There are a lot reasons not to attend our training classes, but fear of failing and the damage to the ego shouldn’t be one.  To those folks I offer the Juice Box Award.

7 thoughts on “Juice Box

  1. paulmnihill says:

    Well said…and something we all need to be cognizant of, in ALL areas of our lives. I recently took a CP2 class and I failed to meet the standard. The reasons were not a standard that was too high or unclear. It was because of my performance only. While disappointed in my performance, it has given me a shining light on where I need to focus and improve. No excuses. Don’t forget that excuses are reserved soley for those who NEED them. Frankly you did me a favor by being 100% results driven versus an “A” for effort approach. Why do say this? Easy. The class is for one thing and one thing only. In a gunfight there are winners and losers and since you won’t be there to help, guide or handle the threat for me, you are giving me the tools to take on-board and keep improving. I have a 100%, clear path to hitting the standard next time. And I will. To all those who whine about your high standards I say this: Take the experience of the instructor staff and use it for what it is: A solid, combat tested method to winning when winning means 100% more than in any other aspect of your life. No one will be there for you, and your family will thank you for your focus when YOU go home safe. You can keep your juice box. I don’t need one. I will return and I will perform to the standard because THAT is what will help me when I need it most.

  2. Arson2 says:

    Yeah, I was pretty butthurt when I epically failed the pistol 1 class. So much so that I went thru and failed the rifle 1 class (but not by as much). I have a wall of training memos to show for the classes, and I am proud of them both. I don’t need a piece of paper on a wall to tell me that I learned something, and I learned A LOT in both of the classes. The misses were all mine, and I take credit for them. Jeff emphasizes the point that you are responsible for EVERY round you fire, and that could not be more true in law enforcement. I love the fact that the standards are so exacting, and I will be back for more classes. They make me a better shooter. I was shooting with a friend this weekend, and we were going thru some drills. When we looked at the targets at the end of the drills, he wanted to “discuss” the scoring…..,all I could say was “on the line doesn’t count”….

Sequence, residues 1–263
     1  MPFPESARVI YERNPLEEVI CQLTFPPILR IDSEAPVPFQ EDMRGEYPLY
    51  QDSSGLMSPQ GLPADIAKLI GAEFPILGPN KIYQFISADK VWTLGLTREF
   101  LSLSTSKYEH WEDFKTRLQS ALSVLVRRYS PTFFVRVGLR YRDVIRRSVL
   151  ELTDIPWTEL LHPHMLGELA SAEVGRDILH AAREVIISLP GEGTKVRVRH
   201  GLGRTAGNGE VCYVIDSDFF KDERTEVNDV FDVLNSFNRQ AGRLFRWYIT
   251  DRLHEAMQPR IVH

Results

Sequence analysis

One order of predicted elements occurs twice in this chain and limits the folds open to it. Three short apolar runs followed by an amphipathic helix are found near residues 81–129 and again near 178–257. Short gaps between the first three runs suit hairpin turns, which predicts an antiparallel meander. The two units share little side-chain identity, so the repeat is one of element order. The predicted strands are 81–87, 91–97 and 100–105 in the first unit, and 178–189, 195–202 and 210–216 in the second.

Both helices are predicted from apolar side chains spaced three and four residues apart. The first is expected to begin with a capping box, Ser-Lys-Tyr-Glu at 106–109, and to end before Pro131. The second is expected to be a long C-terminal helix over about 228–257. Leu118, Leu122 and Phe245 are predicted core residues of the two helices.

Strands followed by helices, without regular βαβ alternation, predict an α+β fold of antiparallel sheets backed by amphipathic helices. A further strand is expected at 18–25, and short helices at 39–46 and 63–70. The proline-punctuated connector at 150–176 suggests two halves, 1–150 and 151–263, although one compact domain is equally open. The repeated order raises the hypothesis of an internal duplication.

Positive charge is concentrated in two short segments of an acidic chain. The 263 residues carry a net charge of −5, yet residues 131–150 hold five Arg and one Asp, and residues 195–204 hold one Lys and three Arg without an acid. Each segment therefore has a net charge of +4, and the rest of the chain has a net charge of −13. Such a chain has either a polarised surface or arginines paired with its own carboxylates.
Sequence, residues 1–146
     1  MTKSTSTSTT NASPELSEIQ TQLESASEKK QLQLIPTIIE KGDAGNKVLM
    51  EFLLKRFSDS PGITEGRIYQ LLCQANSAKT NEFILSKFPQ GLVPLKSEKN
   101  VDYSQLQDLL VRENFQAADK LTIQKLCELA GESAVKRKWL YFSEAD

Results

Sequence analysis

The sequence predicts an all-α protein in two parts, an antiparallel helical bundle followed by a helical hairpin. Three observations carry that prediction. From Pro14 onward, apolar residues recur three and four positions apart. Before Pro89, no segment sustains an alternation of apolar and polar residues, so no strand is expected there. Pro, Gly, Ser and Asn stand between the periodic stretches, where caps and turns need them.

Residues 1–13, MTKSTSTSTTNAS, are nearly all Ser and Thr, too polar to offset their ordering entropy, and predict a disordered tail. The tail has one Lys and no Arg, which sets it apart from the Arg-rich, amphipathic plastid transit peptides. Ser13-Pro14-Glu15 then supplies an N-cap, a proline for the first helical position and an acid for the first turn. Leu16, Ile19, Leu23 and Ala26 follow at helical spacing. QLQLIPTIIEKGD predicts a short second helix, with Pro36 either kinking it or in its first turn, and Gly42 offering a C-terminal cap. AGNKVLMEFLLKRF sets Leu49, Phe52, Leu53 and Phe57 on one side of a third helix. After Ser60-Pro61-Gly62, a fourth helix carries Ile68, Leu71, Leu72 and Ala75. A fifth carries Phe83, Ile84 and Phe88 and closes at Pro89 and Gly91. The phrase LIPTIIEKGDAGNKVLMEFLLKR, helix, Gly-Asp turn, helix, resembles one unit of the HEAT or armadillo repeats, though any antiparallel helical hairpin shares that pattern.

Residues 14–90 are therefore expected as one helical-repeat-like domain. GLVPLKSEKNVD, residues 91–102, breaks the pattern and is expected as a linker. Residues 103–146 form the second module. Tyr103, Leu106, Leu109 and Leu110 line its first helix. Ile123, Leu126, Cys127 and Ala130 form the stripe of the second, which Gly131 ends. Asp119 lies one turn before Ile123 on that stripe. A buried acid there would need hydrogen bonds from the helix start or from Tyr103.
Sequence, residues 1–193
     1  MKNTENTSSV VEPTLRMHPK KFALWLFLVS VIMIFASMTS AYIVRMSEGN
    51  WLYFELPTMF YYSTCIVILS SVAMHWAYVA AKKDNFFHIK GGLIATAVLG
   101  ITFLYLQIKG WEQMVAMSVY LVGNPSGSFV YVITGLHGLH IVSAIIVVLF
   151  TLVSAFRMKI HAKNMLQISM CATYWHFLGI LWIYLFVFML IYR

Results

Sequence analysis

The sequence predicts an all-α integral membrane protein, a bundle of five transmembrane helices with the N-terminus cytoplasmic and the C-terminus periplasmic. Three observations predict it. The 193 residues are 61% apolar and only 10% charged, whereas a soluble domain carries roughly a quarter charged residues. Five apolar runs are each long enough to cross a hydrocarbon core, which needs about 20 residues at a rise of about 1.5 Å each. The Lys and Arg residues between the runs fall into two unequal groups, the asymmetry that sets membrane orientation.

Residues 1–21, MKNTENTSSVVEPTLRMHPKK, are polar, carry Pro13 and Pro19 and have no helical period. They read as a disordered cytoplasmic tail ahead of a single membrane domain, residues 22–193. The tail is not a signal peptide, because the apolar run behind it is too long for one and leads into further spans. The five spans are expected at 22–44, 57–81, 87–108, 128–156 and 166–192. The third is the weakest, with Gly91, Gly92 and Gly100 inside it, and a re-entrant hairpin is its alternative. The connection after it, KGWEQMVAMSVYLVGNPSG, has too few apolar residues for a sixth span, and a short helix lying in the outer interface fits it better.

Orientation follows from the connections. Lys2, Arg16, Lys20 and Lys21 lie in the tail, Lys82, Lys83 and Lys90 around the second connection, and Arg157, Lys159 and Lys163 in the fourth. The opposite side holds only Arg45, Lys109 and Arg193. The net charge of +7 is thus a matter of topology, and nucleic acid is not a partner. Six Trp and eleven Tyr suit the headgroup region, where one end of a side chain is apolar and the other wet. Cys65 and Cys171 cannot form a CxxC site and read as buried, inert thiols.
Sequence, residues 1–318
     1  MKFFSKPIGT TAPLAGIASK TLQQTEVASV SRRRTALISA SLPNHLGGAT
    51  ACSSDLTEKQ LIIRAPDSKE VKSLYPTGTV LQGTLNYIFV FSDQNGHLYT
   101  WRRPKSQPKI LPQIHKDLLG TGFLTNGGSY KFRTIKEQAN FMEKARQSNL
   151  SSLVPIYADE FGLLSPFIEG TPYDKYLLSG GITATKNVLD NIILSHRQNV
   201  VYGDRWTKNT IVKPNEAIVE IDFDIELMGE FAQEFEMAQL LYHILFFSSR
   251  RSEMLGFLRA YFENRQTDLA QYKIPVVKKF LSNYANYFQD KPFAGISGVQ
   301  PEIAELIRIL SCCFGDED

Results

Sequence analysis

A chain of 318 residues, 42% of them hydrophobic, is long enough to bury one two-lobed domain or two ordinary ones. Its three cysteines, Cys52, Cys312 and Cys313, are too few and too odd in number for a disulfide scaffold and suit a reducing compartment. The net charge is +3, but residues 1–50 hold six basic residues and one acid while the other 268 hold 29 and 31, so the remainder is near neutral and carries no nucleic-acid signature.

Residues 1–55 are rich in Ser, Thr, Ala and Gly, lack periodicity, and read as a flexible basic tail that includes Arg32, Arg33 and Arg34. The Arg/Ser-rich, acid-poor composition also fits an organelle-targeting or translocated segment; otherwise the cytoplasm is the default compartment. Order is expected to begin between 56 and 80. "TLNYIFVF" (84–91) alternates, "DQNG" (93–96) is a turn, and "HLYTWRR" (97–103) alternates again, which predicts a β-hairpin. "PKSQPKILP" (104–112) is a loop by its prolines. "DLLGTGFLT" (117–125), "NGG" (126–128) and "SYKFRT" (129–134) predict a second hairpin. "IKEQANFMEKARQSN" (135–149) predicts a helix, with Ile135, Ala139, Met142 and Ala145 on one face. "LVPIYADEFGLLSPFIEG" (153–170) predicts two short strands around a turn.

3. rortiz3203 says:

    No excuses. I did not pass the Combat Carbine Level 1 class due to a lack of the necessary shooting skills on my behalf. Instead of being butt hurt I have used the failure as motivation to train harder. Jeff’s class helped me identify the holes in my game.and for that I am thankful.

  4. flashback says:

    One must learn from the mistakes and failures that are inevitable in life…they are what drives you to become better, to succeed, to prevail. This “everyone’s a winner” political claptrap is what’s ruining our culture.